Caution must be used in generalizing the results of this study to other populations for several reasons. The sample used included men in a VA inpatient unit. Therefore, it is likely that HIV-related knowledge, attitudes, and sexual risk behaviors are different in other drug abusing subgroups. It is also possible that other unidentified factors contributed much more heavily to risk behavior than those examined in this study. Sexual risk behavior occurs in an interpersonal context where both sexual partners, in varying degrees, contribute to the likelihood of safe versus risky practices. It is important that future studies of HIV risk behavior draw upon models that extend beyond the intrapersonal cognitive-behavioral factors (i.e. ARRM variables) and incorporate interpersonal/systemic contextual mechanisms influencing risk and risk reduction (Malow, Cassagnol, McMahon, Jennings and Roatta, in press).
Questions have been raised regarding the validity of self-reports of drug users (Malow, Gustman, Ziskind, McMahon & St. Lawrence, 1998). A limitation of this study is that the primary outcome was measured with participants' self-reports, which might have been unintentionally or intentionally inaccurate (Malow, Gustman, Ziskind, McMahon & St. Lawrence, 1998).
Although we cannot definitely rule out this possibility, several aspects of our methods and findings make inaccurate self-reports a less likely explanation for our results. We used several strategies, such as anchoring significant events on a time line, using calendars, and ensuring and emphasizing confidentiality, to increase participants' ability to recall and to motivate them to respond honestly. (Malow, Gustman, Ziskind, McMahon & St. Lawrence, 1998).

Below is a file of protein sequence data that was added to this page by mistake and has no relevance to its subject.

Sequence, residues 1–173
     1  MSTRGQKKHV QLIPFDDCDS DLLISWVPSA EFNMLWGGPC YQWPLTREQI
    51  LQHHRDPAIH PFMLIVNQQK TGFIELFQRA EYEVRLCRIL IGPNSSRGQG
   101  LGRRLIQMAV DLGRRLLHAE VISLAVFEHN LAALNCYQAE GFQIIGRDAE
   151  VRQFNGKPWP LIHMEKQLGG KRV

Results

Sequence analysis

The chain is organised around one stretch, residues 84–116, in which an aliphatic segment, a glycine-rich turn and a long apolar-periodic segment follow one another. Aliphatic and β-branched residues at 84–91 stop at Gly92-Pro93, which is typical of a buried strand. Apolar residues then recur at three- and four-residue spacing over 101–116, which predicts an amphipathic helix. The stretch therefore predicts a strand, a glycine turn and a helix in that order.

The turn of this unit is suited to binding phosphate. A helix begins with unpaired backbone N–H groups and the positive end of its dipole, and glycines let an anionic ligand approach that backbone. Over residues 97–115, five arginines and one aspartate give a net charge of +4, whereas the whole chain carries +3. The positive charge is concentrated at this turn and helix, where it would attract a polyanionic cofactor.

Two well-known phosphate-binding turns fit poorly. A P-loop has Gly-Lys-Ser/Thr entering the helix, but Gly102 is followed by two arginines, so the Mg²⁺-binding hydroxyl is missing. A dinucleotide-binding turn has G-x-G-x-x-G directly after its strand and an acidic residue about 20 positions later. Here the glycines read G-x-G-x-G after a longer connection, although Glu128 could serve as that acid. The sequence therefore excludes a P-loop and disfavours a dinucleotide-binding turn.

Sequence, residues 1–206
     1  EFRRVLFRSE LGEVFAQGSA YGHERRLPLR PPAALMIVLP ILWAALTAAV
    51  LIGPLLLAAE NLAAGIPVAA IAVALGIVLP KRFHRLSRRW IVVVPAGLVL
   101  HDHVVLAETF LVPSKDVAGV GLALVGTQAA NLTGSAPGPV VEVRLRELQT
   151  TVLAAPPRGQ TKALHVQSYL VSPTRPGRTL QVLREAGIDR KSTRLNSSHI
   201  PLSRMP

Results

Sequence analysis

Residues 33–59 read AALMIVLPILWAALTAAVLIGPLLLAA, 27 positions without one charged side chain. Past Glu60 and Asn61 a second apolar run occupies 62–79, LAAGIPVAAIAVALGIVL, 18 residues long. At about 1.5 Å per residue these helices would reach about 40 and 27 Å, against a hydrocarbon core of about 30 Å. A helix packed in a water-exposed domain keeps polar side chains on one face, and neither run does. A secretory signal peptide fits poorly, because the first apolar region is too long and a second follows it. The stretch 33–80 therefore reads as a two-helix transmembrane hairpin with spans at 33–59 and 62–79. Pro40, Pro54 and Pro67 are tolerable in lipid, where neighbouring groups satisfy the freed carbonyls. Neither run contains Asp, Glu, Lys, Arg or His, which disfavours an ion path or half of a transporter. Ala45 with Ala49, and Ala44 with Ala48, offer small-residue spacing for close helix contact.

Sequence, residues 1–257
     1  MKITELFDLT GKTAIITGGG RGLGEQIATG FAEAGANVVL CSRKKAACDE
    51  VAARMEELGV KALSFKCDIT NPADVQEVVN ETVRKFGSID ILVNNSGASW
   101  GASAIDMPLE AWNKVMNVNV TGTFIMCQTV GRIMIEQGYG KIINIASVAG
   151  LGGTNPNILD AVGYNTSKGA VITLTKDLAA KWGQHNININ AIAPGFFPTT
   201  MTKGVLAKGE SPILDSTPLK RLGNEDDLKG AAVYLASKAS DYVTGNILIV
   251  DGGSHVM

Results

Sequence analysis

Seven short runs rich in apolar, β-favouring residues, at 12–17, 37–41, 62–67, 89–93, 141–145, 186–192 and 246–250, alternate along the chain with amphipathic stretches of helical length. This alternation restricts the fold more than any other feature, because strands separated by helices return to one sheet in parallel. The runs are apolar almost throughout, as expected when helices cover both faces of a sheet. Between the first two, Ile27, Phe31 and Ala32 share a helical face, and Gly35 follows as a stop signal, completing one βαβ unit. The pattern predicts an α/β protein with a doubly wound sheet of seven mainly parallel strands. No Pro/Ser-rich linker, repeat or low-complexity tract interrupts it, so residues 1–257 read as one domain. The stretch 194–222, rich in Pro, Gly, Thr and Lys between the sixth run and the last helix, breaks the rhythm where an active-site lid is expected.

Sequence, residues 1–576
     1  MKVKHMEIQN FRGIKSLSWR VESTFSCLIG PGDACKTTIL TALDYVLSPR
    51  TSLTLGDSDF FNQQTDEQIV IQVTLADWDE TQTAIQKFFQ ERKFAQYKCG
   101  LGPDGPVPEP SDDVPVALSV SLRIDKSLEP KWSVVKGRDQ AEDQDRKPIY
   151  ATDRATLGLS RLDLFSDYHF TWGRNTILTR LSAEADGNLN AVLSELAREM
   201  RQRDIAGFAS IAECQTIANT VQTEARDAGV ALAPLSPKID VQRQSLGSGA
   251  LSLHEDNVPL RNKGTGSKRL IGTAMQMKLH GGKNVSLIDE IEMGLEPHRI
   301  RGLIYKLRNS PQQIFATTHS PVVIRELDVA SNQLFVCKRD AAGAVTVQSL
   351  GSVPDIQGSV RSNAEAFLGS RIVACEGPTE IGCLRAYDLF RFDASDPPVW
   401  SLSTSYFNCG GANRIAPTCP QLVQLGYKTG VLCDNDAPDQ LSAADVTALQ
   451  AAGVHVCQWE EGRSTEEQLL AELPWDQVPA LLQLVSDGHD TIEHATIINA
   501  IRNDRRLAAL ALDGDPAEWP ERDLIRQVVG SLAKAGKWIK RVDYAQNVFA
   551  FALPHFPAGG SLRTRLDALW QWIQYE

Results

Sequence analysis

Despite the limitations of this study, the findings have important implications for future research and program development in the area of HIV prevention. Our findings call into question the importance of sexual self-efficacy as a prospective predictor of condom use among substance abusers after completion of AOD treatment. However, the emergence of positive condom attitudes as a predictor of percent condom use is an important finding and suggests the importance of engendering positive condom attitudes in HIV risk reduction and prevention programs.
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Intercorrelations Among Variables Included in the Regression Analysis
* p < .05 ** p < .01 ***p < .001
Sequential Regression of ARRM Variables on Percent Condom Use at Six-Month Follow-Up
***p < .00
|Received: April 4, 2002
Accepted: May 7, 2002
Revised: May 6, 2002